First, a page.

November 12, 2019 - Hughes Hubbard successfully deferred a New York jury trial on behalf of Christie's in its dispute with a powerful Italian family. The family accuses the international auction house of wrongfully selling a $40 million diamond that allegedly belonged to them.

On Oct. 31, a four-judge panel of the New York Appellate Division's First Department stayed the trial pending a hearing and determination of Christie's interlocutory appeal. The trial, which was set to begin on Nov. 6, is now scheduled for February 2020.

Christie's appealed the lower court's decision denying its cross-motion for summary judgment. The First Department's decision suggests that the panel believes Christie's appeal has merit.

In March 2015, five descendants of influential Italian senator Renato Angiolillo filed a suit alleging that Christie's negligently auctioned the "Princie Diamond" in violation of their ownership rights. They claim that Angiolillo bought the 34.65-carat diamond from French luxury jewelry company Van Cleef & Arpels in 1960.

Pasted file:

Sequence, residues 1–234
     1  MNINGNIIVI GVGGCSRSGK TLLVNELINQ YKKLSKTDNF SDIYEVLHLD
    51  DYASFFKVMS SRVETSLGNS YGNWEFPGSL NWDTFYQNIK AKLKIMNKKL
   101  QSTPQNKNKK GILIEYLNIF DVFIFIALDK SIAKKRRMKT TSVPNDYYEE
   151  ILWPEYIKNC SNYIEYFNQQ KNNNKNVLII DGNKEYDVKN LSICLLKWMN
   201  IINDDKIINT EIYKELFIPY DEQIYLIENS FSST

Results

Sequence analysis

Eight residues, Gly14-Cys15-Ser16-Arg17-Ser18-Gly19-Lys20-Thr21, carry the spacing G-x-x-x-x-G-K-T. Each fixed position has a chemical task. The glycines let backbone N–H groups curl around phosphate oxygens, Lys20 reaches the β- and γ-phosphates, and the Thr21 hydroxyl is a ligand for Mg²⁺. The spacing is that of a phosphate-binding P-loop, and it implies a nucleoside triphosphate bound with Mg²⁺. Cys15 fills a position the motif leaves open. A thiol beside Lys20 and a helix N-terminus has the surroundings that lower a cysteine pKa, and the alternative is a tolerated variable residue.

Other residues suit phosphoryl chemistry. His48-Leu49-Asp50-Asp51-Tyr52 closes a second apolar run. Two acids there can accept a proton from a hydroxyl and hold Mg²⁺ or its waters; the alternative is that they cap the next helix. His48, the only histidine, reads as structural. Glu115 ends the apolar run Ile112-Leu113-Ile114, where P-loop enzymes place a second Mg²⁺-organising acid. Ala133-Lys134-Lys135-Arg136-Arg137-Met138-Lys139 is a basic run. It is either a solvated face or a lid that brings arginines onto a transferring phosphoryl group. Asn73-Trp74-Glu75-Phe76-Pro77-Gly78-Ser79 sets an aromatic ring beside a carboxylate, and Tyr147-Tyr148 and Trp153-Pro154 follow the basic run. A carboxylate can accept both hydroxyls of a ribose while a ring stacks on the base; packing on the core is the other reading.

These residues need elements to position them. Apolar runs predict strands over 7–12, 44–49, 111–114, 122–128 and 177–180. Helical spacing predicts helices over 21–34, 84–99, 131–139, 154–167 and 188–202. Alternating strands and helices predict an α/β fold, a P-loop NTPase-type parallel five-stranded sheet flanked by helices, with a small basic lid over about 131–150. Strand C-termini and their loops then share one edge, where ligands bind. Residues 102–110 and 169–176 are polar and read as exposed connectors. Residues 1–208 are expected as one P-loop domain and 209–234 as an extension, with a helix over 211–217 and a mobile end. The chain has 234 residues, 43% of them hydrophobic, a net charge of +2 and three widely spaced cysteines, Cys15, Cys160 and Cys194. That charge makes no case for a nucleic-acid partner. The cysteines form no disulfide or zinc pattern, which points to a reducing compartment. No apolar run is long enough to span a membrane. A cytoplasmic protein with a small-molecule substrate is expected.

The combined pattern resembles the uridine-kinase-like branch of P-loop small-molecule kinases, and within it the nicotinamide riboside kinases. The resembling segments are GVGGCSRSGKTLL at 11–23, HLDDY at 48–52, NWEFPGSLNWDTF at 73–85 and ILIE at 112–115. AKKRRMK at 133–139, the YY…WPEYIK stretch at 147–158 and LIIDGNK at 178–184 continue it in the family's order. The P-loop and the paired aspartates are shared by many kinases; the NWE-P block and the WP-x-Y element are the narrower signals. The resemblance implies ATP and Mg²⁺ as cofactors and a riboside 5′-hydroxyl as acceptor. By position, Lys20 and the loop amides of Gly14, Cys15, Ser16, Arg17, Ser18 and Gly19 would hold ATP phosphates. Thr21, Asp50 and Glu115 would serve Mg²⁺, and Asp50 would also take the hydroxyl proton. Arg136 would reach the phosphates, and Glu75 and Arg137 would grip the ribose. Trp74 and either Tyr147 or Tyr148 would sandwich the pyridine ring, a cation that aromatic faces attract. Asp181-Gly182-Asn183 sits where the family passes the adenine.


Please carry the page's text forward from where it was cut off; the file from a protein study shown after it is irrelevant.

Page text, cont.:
Following Angiolillo's death in 1973, his widow, Maria, is said to have held on to the diamond for over 35 years until she died in 2009. Angiolillo's descendants argue that the stone should have been turned over to them as part of their inheritance after Maria's death. Christie's, however, contends that the diamond belonged to her, and that her son, Marco Milella, inherited it.

After Maria's death, Milella sold the diamond to the respected Swiss gems dealer David Gol for $20 million. Gol then consigned the diamond to Christie's to sell at a public auction. A member of the Qatari royal family purchased the diamond for $40 million at the public auction in April 2013. 

"Prior to the 2013 auction of the diamond, the two main representatives of the family expressly withdrew any objection to the sale," Christie's said in a statement. "Then two years after the successful sale they sued to claim inheritance rights to the proceeds without providing any significant new information to support a title claim."

Prior to the auction, Christie's spent over $100,000 investigating the provenance of the diamond, finding no evidence Angiolillo's children had inherited it.

Dan Weiner leads the HHR team, which includes Webster McBride and Joanne Liu. Paralegals Evelyn Pacheco, Nicole Garton and Alejandro Carrasco are also assisting on the matter.